Derek is an 18-year veteran of Pavone Group and has been a leader at Varsity since the agency was founded. At Varsity, he’s led research studies, strategic development initiatives and tactical plan implementation for countless senior living organizations and other major brands targeting the mature market. 

For Derek, the new role is an opportunity to lead clients as they transition to the next wave of retirees and their ever changing expectations. It’s also an opportunity to continue Varsity’s work in challenging senior marketing stereotypes. 

“The field of aging services is incredibly diverse and yet we see a lot of marketing aimed at older adults that’s based on the same tired stereotypes,” said Derek. “Varsity’s goal for its clients is to bring ideas to life that shatters those stereotypes. That’s what Varsity has done for the past two decades and what we’ll continue to do in the future.” 


Even though February is the shortest month of the year, it sometimes seems like it’s never going to end. It’s cold, it’s dark, it’s dreary and it doesn’t have the advantage of December’s holiday parties to bring happiness and cheer.

But February is also packed with occasions that can help us be kind to one another and lift one another’s spirits. These holidays include Random Acts of Kindness Week (February 14 – 20),  National Write a Letter to an Elder Day  (February 26) and National Set a Good Example Day (February 26).  And don’t forget National Caregivers Day (Third Friday in February), which is a great time to thank the people giving their all to care for residents.

We can all feel a lot warmer by taking advantage of February’s many opportunities to be kind to our residents, our staff and one another. These don’t have to be grand gestures — even the smallest act of kindness can spread joy, connection and positive change around your community, and ultimately, the world.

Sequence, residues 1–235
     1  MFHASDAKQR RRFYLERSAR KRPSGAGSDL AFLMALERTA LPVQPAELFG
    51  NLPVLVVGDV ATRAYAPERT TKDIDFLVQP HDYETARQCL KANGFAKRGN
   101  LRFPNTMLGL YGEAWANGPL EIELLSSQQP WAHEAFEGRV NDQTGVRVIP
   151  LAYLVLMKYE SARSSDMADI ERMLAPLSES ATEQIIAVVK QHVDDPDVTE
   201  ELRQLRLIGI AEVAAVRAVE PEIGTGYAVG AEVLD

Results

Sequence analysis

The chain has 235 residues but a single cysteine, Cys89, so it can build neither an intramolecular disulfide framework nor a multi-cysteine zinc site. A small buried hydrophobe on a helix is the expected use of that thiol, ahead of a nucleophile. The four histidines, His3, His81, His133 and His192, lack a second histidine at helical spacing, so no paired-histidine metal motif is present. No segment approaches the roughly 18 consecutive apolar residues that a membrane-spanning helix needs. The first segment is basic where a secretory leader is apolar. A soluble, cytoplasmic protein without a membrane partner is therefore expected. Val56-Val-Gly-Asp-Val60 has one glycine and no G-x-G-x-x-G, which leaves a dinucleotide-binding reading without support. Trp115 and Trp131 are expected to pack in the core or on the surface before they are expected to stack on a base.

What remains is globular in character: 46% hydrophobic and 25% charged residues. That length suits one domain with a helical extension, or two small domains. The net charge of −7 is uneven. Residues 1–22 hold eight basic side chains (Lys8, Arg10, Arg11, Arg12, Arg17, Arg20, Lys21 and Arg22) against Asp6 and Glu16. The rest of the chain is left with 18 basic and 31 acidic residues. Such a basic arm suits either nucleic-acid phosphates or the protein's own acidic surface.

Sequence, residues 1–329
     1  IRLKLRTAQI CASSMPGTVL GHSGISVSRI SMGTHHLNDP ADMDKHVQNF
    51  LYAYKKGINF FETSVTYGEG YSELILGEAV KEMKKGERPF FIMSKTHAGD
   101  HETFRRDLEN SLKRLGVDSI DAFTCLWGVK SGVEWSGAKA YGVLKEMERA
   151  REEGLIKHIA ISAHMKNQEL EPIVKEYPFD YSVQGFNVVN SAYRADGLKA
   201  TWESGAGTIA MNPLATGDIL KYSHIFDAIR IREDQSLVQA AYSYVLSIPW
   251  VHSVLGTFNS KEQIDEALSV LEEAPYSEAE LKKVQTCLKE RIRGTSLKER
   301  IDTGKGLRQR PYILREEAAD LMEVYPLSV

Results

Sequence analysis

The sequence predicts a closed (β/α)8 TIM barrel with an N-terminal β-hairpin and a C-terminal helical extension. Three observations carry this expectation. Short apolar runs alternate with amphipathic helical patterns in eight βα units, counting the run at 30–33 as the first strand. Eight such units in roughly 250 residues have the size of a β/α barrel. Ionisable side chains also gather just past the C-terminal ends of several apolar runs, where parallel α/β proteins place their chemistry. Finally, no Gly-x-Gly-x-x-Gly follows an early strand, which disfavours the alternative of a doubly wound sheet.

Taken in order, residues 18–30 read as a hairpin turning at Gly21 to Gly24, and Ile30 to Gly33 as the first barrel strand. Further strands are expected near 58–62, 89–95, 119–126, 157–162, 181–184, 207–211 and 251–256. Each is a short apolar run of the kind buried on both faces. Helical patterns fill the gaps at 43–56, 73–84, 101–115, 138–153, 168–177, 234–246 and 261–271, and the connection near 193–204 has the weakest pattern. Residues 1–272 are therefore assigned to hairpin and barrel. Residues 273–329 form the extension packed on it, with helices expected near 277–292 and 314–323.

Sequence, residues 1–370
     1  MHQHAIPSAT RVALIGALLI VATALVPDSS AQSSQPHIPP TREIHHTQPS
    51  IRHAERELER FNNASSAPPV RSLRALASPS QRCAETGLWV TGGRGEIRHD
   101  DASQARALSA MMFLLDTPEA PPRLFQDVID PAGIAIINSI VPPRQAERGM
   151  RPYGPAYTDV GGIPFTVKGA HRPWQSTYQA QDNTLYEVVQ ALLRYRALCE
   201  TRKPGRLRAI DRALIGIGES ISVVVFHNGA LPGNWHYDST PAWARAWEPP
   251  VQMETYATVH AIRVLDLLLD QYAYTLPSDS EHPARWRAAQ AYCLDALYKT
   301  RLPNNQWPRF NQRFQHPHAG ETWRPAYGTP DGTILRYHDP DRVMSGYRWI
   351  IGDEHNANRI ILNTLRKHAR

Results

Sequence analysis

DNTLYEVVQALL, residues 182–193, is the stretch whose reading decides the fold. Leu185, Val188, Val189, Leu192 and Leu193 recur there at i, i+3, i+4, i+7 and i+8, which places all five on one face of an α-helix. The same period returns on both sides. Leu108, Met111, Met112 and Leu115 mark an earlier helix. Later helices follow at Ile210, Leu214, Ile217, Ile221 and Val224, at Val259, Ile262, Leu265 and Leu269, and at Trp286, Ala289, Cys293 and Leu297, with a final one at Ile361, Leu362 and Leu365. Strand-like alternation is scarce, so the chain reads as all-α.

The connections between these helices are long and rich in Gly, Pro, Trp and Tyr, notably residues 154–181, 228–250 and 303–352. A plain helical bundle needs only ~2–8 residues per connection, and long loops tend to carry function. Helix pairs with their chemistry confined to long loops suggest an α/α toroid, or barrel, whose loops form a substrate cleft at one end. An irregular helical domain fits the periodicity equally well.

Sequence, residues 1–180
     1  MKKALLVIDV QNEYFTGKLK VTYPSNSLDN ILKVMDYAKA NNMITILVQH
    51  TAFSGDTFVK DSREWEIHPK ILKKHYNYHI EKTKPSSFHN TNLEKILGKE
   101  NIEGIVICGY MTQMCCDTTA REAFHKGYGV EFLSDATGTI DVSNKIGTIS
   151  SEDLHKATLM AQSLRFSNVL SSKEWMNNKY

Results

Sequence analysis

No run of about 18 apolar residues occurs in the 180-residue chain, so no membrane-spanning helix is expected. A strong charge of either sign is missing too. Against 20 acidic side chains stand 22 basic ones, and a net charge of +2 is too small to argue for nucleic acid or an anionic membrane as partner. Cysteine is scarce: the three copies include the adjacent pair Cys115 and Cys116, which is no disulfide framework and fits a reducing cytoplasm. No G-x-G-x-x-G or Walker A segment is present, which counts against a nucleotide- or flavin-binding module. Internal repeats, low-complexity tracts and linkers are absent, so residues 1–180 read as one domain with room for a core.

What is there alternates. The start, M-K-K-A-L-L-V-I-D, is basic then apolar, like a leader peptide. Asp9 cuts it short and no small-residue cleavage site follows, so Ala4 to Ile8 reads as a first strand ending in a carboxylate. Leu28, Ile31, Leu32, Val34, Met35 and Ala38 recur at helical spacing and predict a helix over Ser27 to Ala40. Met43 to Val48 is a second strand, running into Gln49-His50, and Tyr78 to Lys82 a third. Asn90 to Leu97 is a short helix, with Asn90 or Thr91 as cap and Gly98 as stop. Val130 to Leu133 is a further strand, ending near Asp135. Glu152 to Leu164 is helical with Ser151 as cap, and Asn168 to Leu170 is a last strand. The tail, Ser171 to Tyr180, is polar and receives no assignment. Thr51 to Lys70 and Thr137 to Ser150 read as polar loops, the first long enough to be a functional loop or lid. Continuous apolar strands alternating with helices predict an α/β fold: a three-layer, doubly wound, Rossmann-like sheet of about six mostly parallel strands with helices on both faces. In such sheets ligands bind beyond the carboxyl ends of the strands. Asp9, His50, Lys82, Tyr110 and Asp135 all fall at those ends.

.Here are seven things you can do to show kindness to your residents and staff during National Kindness Week.

  1. Send a handwritten letter. 70% of people find letters written by hand more personal and prefer them to emails or texts. Possible items to include: a story about your life, a joke, a fun illustration or a crossword puzzle.
  2. Give a compliment. Show your appreciation by praising an aspect of a team member’s or resident’s personality, character or appearance that you truly admire.
  3. Plan a scavenger hunt. Hide notes with small acts of kindness written on them and have residents and staff work together to find them.
  4. Leave uplifting notes. Place sticky post-it notes in shared spaces or work stations or on a resident’s door with positive messages like, “You are special,” “You add so much to the community” or “You inspire me.”
  5. Set up a kindness station. Create a space where volunteers and team members can hand out balloons, give manicures, pass out cookies, serve a cup of coffee or just spend time chatting.
  6. Do a small favor. Run an errand, carry in groceries, open a door, help a resident with their computer or phone, walk a dog.
  7. Decorate the community. Put up flowers, posters and banners to remind people that it’s Random Acts of Kindness Week.